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Introducing Students to Information Literacy


Please note the information contained in this guide is meant to help supplement a class, assignment, or curriculum. Please use the embed links or copy and paste the information into your course guide or site.

Information in any format is produced to convey a message and is shared via a selected delivery method. The iterative processes of researching, creating, revising, and disseminating information vary, and the resulting product reflects these differences

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Learning goals

  • Articulate the capabilities and constraints of information developed through various creation processes.
  • Assess the fit between an information product’s creation process and a particular information need.
  • Articulate the traditional and emerging processes of information creation and dissemination in a particular discipline.
  • Recognize that information may be perceived differently based on the format in which it is packaged.
  • Recognize the implications of information formats that contain static or dynamic information.
  • Monitor the value that is placed upon different types of information products in varying contexts.
  • Transfer knowledge of capabilities and constraints to new types of information products.
  • Develop, in their own creation processes, an understanding that their choices impact the purposes for which the information product will be used and the message it conveys.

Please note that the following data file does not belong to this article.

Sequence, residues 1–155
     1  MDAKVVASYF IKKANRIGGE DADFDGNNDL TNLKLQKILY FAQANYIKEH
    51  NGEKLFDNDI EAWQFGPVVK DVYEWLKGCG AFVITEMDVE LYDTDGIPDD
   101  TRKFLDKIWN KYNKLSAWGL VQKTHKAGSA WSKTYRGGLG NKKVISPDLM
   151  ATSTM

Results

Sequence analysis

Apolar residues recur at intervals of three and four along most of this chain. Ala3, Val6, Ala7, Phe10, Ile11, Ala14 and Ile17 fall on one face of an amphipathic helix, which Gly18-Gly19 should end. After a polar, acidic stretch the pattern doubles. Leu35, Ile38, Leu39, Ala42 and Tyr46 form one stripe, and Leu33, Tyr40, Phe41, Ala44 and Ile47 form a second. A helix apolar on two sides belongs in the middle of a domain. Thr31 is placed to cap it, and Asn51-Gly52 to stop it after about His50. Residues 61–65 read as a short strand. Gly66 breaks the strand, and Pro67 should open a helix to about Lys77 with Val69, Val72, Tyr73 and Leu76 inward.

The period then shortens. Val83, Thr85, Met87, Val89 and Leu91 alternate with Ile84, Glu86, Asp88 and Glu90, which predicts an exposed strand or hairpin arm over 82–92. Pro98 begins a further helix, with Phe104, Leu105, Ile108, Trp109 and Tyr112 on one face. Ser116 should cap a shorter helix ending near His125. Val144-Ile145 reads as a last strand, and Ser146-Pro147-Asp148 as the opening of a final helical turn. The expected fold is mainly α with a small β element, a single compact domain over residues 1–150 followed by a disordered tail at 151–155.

Suggested assignments

1. Ask students to use the following table to describe source types:



How it is created?

Who is able to create it?

Is there a review process? Should there be?

What is the best use of the information from this format?

How can I locate information in this format?

(example: blog)          



2. Assign students to identify the format of the sources they find for a given research project and articulate why the chosen formats are appropriate for the information need.

3. Ask students to transform information they have created in one format to another format, and to write a reflection on what they needed to consider as they went through the process.

Assessment questions

Tweets may be a valuable source of information for certain topics.

  • True
  • False

What is a reason that using a news story would be better than a scholarly source in an academic paper? (choose as many as you think apply)

  • The scholarly community has not examined your topic.
  • You don’t have enough time to find out if researchers have looked at your topic.
  • You are examining the popular perception of a topic.
  • There is a local event that you are using as an example within your research.

How might you share your original undergraduate research?

  • At a conference
  • On a department blog
  • In a scholarly journal
  • All of the above

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